For the last 50 years, we have conducted elections on the basis of the game theory tactic known as Tit-For-Tat.  The strategy succeeds when one player cooperates with the other player in the very first interaction and then mimics their subsequent moves.  Donald Trump plays tit-for-tat with Vladimir Putin.  Putin compliments him, and he compliments him back.  Both know that the other is a dangerous adversary, but direct conflict has been avoided during Trump’s first term, and a degree of stability ha been achieved.  In the Israel/Gaza conflict, Tit-For-Tat is known as the Doctrine of Proportionality where, as Michael Newton, says, “If someone punches you in the nose, you don’t burn their house down.” – even if you could.

All these tactics rely on a pay-off matrix where how you play the game determines whether you win or lose – and by how much.  So, while the Democrats play Tit-For-Tat with the Republicans and perform political triage by offering increasingly bigger chickens in every pot, Donald Trump and the Republicans are intent on playing Hawk-Dove – and sometimes they win.

Think back to the last budget crisis where the Republicans chose to shut down the government in spite of the fact that this tactic has come back to bite them in the past.  Think of the threats to withdraw from NATO, close the border with Mexico, enable oil drilling in national parks, deny climate change, enact reverse Robin Hood tax policy, and a mind-numbing list of other bizarre policies.  Sometimes they win.  They have created an endless supply of social dilemmas that are intended to leave Democrats numb and, most importantly, willing to negotiate.  We complain that they are moving the goal post – and surprise – they are.

Republicans haven’t lost their minds; they’re just playing a different game.  Their game is to dismantle American democracy by deconstructing the administrative state.  The game they’re playing will deliver the assets of the United States to a ruling plutocracy.  So, while Democrats scuttle around arguing among themselves about what the perfect minimum wage is, and the best way to deliver healthcare for all – the Republicans are using Hawk-Dove brinkmanship to get what they want.  They have opened national parks to oil drilling; they have withdrawn from the Paris Accords; they have scuttled the Iran nuclear deal to the delight of the Saudis; and they have paid their campaign donors off with a tax cut that belonged to the American middle class.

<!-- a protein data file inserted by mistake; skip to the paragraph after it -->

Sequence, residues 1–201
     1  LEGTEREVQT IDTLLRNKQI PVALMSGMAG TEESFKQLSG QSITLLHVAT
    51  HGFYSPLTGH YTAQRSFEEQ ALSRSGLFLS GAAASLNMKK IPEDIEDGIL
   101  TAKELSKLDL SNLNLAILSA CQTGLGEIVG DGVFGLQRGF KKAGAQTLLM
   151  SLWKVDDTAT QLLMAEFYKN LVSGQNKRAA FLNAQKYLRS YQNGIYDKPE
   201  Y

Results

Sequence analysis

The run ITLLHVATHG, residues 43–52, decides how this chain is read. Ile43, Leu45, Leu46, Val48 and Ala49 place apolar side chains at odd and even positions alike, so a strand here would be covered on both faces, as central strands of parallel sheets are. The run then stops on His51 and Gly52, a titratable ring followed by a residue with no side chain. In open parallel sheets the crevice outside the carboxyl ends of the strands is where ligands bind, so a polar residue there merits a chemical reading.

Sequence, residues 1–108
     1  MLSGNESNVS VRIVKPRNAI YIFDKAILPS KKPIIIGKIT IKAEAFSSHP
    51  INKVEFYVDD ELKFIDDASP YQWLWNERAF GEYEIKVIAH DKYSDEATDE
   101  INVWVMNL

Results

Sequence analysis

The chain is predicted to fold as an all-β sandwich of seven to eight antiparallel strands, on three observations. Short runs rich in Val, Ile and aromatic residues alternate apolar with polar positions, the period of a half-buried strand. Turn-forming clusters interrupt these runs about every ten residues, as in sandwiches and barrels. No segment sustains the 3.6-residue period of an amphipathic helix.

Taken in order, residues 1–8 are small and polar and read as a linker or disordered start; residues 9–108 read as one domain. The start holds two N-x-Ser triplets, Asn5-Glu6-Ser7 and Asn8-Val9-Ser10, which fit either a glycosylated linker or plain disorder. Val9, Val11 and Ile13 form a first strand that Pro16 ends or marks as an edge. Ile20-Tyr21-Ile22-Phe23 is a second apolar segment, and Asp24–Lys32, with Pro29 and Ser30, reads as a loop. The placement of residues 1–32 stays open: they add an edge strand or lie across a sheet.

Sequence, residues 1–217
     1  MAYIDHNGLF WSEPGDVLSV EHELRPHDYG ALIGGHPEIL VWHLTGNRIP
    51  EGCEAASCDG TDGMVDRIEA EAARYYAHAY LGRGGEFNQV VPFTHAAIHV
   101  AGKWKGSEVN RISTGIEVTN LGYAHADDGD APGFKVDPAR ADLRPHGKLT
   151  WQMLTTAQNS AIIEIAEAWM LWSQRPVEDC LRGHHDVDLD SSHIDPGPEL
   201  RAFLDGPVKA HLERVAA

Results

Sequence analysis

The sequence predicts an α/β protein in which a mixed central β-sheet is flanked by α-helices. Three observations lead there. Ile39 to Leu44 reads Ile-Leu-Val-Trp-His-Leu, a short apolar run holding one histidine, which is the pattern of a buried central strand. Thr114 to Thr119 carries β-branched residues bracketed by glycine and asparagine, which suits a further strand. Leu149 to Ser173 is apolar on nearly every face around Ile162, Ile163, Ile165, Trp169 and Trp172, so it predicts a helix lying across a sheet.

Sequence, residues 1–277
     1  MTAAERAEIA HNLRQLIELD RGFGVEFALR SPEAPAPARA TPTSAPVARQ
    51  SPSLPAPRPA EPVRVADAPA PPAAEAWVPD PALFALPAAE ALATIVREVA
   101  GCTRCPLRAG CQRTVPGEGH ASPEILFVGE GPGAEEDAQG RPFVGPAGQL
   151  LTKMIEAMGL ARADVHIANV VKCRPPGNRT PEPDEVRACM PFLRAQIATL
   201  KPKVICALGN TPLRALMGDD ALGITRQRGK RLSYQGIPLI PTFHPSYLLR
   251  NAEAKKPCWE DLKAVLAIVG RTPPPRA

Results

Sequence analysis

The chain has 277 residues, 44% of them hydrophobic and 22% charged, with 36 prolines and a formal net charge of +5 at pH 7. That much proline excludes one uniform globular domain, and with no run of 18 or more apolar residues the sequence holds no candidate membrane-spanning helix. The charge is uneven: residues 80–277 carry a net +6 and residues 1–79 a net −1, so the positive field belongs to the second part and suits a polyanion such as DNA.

If Democrats intend to have their progressive policies survive, they have to stop playing Tit-For-Tat with the GOP and start playing Chicken.  We have to call their bluff.  We need to ask every Republican why they would want to vote Republican if it means kidnapping children at the border and imprisoning them in cages; or denying healthcare to 20 million citizens; or if climate change denial means destroying the only planet we have in order to enhance corporate profitability.

Once, just once, let’s put it back on the people who vote Republican and tell them that – even if sometimes they win – they’re committing suicide and taking us with them.


Image: BrokenSphere/Wikimedia Commons.

Deborah Long is a Principal at Development Management Group, Inc.  and founder of several non-profit charitable organizations.  If you find her perspectives interesting, controversial, or provocative, follow her at: